Irish Resources

The Republic of Ireland and Northern Ireland have been (relatively) generous to family historians.  The Republic of Ireland has a number of excellent free resources available through their National Archives site.  These include, most importantly, the two surving Irish Census – for 1901 and 1911 covering the whole of Ireland.  They are extremely useful in providing information about the religion of individuals (vital in researching Irish family history), literacy status, knowledge of the Irish language, and, in the case of the 1911 Census, the number of children a woman had given birth to and the number surving.  They also provide addresses, including (where relevant) townland.   Disability is also included in a question asking if an individual were ‘deaf, dumb, blind, idiot, imbecile or lunatic.’  The original form is included along with the House and Building Return, a good indication of the kind of building and the general living environment of the household.

http://www.census.nationalarchives.ie/

A useful new addition to official Irish resources is the Calender of Wills and Administrations 1858-1922.  Not the most user-friendly search, but a very valuable resource which includes information about the executors and the primary beneficiary.

http://www.willcalendars.nationalarchives.ie/search/cwa/index.jsp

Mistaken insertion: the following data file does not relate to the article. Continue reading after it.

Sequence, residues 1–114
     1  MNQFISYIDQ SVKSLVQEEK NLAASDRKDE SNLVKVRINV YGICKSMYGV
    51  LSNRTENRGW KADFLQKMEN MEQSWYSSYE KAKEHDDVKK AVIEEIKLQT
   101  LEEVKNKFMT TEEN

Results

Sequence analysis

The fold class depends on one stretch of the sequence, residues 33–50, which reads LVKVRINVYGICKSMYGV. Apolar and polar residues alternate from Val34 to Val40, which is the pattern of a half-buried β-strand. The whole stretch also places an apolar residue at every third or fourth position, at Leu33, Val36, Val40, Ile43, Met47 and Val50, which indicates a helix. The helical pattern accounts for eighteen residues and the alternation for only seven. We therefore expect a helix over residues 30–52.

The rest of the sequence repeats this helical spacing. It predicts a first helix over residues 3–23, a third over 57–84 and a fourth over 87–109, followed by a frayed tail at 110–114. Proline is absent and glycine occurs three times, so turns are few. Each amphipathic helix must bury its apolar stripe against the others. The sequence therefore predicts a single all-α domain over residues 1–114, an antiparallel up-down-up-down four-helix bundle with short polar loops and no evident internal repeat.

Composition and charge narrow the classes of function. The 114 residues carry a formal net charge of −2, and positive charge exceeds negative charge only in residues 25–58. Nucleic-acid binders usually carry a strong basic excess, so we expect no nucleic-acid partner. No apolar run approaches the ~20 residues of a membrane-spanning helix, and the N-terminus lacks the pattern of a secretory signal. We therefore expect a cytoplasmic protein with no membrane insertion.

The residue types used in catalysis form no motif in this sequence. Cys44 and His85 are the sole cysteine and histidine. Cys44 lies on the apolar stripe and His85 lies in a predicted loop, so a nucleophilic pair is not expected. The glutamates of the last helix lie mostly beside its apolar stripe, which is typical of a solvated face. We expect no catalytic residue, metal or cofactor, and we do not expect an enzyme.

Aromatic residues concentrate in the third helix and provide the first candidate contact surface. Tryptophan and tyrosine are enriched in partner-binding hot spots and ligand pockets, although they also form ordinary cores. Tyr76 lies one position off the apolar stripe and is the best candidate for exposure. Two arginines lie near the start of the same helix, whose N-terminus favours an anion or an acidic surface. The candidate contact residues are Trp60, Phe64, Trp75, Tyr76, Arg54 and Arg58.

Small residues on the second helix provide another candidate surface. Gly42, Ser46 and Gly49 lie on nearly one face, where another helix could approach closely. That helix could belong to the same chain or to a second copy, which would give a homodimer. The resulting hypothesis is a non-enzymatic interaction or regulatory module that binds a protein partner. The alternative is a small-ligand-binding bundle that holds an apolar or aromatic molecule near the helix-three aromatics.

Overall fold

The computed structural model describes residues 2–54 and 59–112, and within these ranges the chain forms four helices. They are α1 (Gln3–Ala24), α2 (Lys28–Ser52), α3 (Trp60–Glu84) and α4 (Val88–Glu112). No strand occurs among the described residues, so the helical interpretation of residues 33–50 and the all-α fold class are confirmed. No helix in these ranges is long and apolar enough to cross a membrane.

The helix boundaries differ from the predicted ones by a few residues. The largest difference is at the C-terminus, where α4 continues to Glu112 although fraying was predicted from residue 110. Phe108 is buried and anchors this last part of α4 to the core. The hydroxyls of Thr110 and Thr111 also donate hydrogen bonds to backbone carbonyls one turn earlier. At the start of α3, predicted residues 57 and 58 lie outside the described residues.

In Northern Ireland, the Public Record of Northern Ireland (PRONI) has excellent resources on a reasonably user-friendly site.  Will Calenders for Ulster from 1858-1943 are mainly available, some entries include images of the original will so a vast amount of information can be accessed .  The Street Directories for Belfast and Ulster up to 1900 are available and offer an accessible search facility.  Other ‘goodies’ include the Ulster Covenant of 1912, signed by Unionists.  There is a Declaration  signed by women, who at that time were not able to vote.  The signature folders provide an image file of the original signature – maybe the only occasion where a searcher will find an example of their ancestor’s hand writing and evidence of the form of name they used. The site  also has a selection of images which include the archive collection of the Allison Photographic Studios, Armagh that resources photographs of life in County Armagh from 1900 to 1950.

http://www.proni.gov.uk/index/search_the_archives/ecatalogue.htm

Free, searchable, authoratative resources for family historians not always available, but when official resources are made available to us we should be grateful.  Some of this material is also available through Ancestry links – so if you use Ancestry you will be able to search without leaving the site.

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About jenjen999

I am a family historian with an interest not only in direct lines but in the social background and historical setting of the families I research.
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